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Repetition and systematization. The creation of matrices and the establishment of dynamics have been the historical foundations for taking on seemingly-Herculean tasks, which have remained as examples of humans’ ability to tame nature, to artificially impose a well-being-oriented development by building new facilities.

Historically speaking as well, the concept of well-being has had different meanings, depending on the population group you ask. However, again from a historical point of view, this issue has not been raised to all entities, but only discussed by those in positions of economic power. These ideologies served to promulgate and later embrace the impetus for development as industrialization and growing consumerism. Symbols have also been held up to celebrate the supposed achievements of this fast-paced and unempathetic movement, which goes to show that every superstructure implements typologies of infrastructures that support it.

One important thing in this debate is to take into consideration the advances that have a direct bearing on the improvement of basic living conditions, like water, food, housing or health, and leave them out of the discussion. Nonetheless, we cannot ignore that the ultimate purpose of these commodities —the extension to other fields that articulate modes of societies— focuses on the consumption and extractivism of nature, where humans are viewed as external actors with the ability to dominate it. The utopia of an “inclusive and sustainable” industrialization is presented as paradoxical.

MONTAJE focuses on one of the points suggested as part of SDG #9: Building resilient infrastructures, emphasizing each concept: Is it necessary to build more? Should we continue to build new infrastructure? What is infrastructure today? How is a sustainable, resilient and inclusive infrastructure defined and delimited? How is it implemented and executed? How are existing infrastructures upgraded and maintained? And, more importantly, who designs and builds them? For what and whom? How is the wealth generated by any construction process distributed? How are their impacts cushioned and mitigated?

To make us reflect on this, they have used the same synergies of the system, so as to highlight them: repetition and systematization. The original form is the same as the sign at the entrance of the Cultural Office of the Spanish Embassy, a structure, similar to that of a billboard —a simple steel frame structure of about 2 x 2 meters— infiltrates the information system, designed for consumption, for the distribution and intensification of the commercial imaginary, and not for reflection. It confronts its own structural limitations (material, economic, environmental) through an unresolved cyclical dialectic, characterized by the impossibility of execution, physical collapse or the impact on the environment, all of them consequences of an excessive Promethean ambition.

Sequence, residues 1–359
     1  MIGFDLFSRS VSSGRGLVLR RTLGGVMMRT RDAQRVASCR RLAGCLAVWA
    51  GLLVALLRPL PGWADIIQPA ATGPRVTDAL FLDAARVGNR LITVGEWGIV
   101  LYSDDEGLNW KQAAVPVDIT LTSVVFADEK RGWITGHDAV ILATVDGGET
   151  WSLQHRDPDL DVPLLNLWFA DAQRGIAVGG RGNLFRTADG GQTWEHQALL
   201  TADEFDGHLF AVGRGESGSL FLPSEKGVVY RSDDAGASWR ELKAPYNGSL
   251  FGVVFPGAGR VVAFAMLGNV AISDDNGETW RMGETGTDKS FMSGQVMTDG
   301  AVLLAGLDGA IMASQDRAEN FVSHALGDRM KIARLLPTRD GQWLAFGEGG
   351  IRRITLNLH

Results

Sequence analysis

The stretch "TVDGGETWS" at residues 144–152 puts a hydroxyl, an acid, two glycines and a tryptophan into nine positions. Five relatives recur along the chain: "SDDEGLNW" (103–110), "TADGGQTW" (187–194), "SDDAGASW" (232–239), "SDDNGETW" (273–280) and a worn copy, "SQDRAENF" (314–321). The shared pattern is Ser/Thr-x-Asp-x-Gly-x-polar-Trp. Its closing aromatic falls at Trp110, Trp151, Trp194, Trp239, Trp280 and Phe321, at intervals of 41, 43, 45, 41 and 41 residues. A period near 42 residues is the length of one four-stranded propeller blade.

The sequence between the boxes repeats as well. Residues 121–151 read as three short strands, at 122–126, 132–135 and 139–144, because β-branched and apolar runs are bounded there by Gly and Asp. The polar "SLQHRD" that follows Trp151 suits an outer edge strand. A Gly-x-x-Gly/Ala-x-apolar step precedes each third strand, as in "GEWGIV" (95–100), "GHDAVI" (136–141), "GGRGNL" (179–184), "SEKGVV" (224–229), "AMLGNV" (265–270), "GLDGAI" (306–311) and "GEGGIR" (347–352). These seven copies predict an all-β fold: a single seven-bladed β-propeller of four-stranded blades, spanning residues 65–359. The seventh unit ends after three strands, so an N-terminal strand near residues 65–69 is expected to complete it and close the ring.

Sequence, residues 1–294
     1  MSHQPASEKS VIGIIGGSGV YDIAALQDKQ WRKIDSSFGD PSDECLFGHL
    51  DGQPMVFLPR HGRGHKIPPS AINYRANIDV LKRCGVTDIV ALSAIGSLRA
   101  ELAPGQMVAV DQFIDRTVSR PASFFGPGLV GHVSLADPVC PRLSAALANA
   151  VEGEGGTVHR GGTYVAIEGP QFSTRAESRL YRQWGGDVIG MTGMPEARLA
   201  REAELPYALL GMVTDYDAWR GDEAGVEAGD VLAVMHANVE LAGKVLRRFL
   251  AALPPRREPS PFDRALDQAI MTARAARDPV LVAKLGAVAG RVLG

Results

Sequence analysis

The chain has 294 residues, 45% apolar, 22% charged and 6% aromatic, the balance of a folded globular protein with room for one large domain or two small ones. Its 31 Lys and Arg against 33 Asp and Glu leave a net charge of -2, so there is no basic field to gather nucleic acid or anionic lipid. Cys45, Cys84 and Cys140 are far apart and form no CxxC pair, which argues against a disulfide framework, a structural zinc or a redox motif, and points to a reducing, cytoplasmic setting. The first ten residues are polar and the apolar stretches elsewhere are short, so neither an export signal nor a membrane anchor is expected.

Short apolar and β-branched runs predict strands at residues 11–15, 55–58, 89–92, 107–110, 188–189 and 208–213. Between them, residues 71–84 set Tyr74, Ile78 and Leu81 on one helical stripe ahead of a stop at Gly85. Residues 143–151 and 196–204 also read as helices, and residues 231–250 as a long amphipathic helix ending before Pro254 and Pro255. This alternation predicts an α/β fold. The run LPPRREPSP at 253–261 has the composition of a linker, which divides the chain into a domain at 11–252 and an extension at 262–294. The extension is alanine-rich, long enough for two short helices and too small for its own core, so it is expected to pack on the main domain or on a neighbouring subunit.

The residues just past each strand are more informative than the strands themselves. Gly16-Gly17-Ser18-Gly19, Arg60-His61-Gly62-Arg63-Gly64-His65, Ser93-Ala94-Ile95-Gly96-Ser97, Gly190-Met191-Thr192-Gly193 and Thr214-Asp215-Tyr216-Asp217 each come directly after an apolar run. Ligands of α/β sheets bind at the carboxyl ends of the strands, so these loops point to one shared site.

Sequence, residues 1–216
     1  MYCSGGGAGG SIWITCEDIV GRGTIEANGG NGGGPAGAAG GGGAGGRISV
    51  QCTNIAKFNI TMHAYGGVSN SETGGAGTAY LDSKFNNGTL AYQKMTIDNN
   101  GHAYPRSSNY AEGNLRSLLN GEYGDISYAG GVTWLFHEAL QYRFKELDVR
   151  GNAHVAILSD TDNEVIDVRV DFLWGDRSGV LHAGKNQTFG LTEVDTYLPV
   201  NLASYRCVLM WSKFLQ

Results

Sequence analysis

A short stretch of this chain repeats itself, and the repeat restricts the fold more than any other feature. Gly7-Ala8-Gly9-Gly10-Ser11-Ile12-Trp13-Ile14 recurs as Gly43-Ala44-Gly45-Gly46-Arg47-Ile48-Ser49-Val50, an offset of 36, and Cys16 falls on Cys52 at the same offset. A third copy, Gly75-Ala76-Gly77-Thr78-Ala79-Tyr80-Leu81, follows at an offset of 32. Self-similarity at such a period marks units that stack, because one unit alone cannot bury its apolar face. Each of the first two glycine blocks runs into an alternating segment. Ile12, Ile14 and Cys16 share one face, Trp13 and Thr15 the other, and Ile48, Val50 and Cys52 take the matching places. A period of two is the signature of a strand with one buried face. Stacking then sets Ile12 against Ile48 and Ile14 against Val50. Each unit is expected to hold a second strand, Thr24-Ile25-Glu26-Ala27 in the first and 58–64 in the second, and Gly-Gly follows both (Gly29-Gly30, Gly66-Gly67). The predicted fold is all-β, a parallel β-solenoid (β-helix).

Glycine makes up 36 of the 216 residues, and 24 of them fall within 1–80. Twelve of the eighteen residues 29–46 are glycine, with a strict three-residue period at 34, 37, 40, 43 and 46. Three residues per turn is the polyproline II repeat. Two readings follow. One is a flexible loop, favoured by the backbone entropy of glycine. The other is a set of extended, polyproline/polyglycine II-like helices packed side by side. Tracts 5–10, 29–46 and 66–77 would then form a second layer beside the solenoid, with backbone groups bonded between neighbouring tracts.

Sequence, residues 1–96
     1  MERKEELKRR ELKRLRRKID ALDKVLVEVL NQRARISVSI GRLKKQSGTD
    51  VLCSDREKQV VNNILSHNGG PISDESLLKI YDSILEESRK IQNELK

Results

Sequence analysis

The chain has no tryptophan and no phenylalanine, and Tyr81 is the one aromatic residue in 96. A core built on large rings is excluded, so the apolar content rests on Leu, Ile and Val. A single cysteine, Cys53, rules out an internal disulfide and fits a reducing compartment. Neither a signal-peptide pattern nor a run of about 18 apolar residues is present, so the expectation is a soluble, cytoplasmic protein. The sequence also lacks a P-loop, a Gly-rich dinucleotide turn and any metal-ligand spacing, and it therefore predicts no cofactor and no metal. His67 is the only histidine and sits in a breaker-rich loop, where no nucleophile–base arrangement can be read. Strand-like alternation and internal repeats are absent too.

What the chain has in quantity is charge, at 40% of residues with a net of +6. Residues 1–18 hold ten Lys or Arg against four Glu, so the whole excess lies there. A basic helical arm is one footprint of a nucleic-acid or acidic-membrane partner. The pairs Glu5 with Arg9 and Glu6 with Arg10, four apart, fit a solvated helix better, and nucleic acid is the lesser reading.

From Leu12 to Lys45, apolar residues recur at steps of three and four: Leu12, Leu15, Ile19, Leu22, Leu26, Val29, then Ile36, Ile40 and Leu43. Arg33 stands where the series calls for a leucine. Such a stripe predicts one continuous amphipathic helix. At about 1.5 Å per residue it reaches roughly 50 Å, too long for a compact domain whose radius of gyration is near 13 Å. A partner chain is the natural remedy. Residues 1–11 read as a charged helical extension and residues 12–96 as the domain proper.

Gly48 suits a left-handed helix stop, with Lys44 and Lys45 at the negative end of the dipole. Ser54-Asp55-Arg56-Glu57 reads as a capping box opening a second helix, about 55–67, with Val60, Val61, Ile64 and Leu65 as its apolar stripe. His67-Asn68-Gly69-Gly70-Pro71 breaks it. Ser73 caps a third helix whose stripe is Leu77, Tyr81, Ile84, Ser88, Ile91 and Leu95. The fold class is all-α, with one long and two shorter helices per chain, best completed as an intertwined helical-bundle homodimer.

In this pursuit, the section doubles and unfolds in a series of arches and rings that give shape to a sort of domed prototype. A symbol, that of the dome, which has manifested itself in different stages as an element of dominion and power or entelechies and figurations, as can be seen in the animation of references that have nourished this project: from prehistoric to Romanesque domed structures, to the classical western reference of the Pantheon of Agrippa (Hadrian, 118-125 AD.) [Christian Norberg-Schulz. From a book published in 1975 by Praeger Publishers] and other major works such as Sant’ Andrea, Mantua (Leon Battista Alberti, 1470), Temple of San Pietro in Montorio (Bramante, 1502-1510), Cenotaph of Newton (Étienne-Louis Boullée, 1784), Buckminster Fuller’s Geodesic Dome [Geodesic dome patent (1954); Dome over Manhattan (1959); Geodesic Sphere (1975)], Structures (Sol LeWitt, 1965-2006) [Corner Piece 4 (1976); 13/11 (1985); Pyramid (1985)], The Continuous Monument. An Architectural Model for Total Urbanization (Superstudio, 1969-1970), Architettura Riflessa (Superstudio, 1970-71), Valley Forge Dome (Douglas Trumbull, 1972), Death Star I (George Lucas, 1977), Biosphere 2 (Synergia Ranch, Ed Bass & John P. Allen, 1985-2007), and Geofront. Neon Genesis Evangelion (Hideaki Anno, 1995).

This symbolic superstructure represents a contradictory human drive, our constructive, progressive and utopian need, and also our limitations and their consequences. Infrastructure as Superstructure pursues a political ideal of radical transparency: the literal visibility of the material infrastructure, of the support of the world, as well as its very symbolic superstructure.

Thus, MONTAJE intends to examine infrastructures on the basis of superstructures in local contexts with very specific realities that are so diverse, heterogeneous and even contradictory from a material, economic, ecological, technical and political perspective. Perhaps the answer should not focus so much on the reproduction of models of an inflationary superstructure, but rather consider the possibility of a degrowth approach or the search for vernacular solutions outside hegemonic thinking.

Collaborators: Kirolab, 3D printing; Víctor Hugo Martín Caballero, photography.